Taking advantage of global shale opportunities requires systemic changes and upgrades.
by Alex Flores, Weir Oil & Gas
August 8, 2014

Hydraulic fracturing, employed in combination with directional drilling, has been a game changer for U.S. energy security. The U.S. has already surpassed Saudi Arabia and Russia as the world’s No. 1 producer of natural gas and crude oil.1 This technology holds the promise of fulfilling another goal thought to be unachievable just a few years ago: U.S. energy independence.

This is an American success story. The technology and techniques were invented in the U.S. Because of this success, the U.S. is the undisputed global leader in all things fracking, and hydraulic fracturing (frac) pumps are essential to the process. Without this fundamental link in the supply chain, economic recovery of shale oil and gas would not be possible.

Nature has been kind to North America in the form of numerous tight, unconventional formations containing vast quantities of oil and natural gas. However, nature has been kind to other basins on foreign shores as well.

Unconventional basins are abundantly distributed throughout the Northern Hemisphere and South America. For economic, political and security reasons, the fortunate nations with these basins are increasingly seeking to develop these resources, presenting tremendous new opportunities for American fracking equipment and expertise. However, taking advantage of this unprecedented growth opportunity is not simply a matter of manufacturing equipment and sending it abroad, accompanied by teams of seasoned service operators.

Every country is unique in terms of geology, culture, climate, infrastructure, economy and politics. Tapping into international shale and unconventional oil and gas opportunities successfully requires developing technological solutions to address these unique operational challenges and ensuring that the infrastructure can support the activity. This article explores some examples.

 

The United Kingdom

With its North Sea assets largely developed, the U.K. is looking toward the next frontier in petroleum resources, and shale gas offers tremendous potential. The Bowland Basin runs across middle England and is estimated to contain 1,300 trillion cubic feet (tcf) of shale gas reserves. Exactly how much of this is technically recoverable remains to be determined. A number of challenges must be overcome before successful development is achieved.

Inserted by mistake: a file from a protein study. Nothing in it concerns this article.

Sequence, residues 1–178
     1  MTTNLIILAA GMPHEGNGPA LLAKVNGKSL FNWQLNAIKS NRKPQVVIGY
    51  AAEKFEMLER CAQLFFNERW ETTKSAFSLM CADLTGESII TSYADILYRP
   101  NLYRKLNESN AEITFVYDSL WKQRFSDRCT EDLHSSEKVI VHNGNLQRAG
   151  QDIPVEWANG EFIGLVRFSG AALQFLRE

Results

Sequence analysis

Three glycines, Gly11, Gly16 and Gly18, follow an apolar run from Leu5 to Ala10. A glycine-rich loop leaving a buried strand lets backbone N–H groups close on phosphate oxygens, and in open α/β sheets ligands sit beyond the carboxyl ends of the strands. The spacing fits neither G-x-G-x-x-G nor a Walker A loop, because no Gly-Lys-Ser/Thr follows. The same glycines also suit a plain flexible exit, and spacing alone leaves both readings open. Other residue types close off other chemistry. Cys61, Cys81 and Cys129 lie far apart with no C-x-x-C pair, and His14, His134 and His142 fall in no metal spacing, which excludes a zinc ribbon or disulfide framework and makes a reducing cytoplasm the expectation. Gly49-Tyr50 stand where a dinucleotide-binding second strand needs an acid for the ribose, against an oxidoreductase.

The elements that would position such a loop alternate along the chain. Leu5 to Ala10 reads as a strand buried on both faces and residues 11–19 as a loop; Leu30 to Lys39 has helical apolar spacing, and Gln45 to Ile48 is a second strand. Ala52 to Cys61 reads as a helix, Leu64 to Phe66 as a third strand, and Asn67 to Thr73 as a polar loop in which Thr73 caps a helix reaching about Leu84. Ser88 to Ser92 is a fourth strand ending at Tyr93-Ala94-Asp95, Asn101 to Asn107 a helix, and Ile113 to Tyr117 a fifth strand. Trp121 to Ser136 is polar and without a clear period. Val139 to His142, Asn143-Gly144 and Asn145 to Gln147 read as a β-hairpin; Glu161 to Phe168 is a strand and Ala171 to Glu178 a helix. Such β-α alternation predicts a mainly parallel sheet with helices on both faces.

The main political parties in the U.K. recognize shale’s potential and are putting in place the incentives and regulatory framework required for development. Despite support at the national level, local authorities retain the power to block drilling and fracturing operations onshore. Therefore, the industry must work closely with local communities to emphasize the safety record and considerable benefits of shale gas development.

By the year 2032, shale gas development could create a new onshore supply chain in the U.K. worth an estimated $55 billion, creating 64,000 jobs in the process.2 Establishing this new infrastructure—encompassing drilling rigs, hydraulic fracturing and completion equipment and local service bases—represents a significant challenge. However, the experience of developing the North Sea’s resources can be leveraged to establish a similarly successful supply chain and
infrastructure onshore.

Another challenge is the shortage of experienced personnel in the oil and gas industry. The industry needs to work with government and academia to improve education in math, science and engineering and to create tailored training programs that will develop the workforce required to exploit shale gas in the U.K. Other areas require attention, including transportation and midstream infrastructure, water resources and treatment, and improved electric grid connections.

China

The Chinese frac market has existed for about 20 years but has been small in scale and limited to much older technology in vertical wells. Only recently, with outside help, have the Chinese begun horizontal drilling. As of the second quarter 2014, China was estimated to have more than 150 active wells, most in search of natural gas and oil and employing fracking technology.3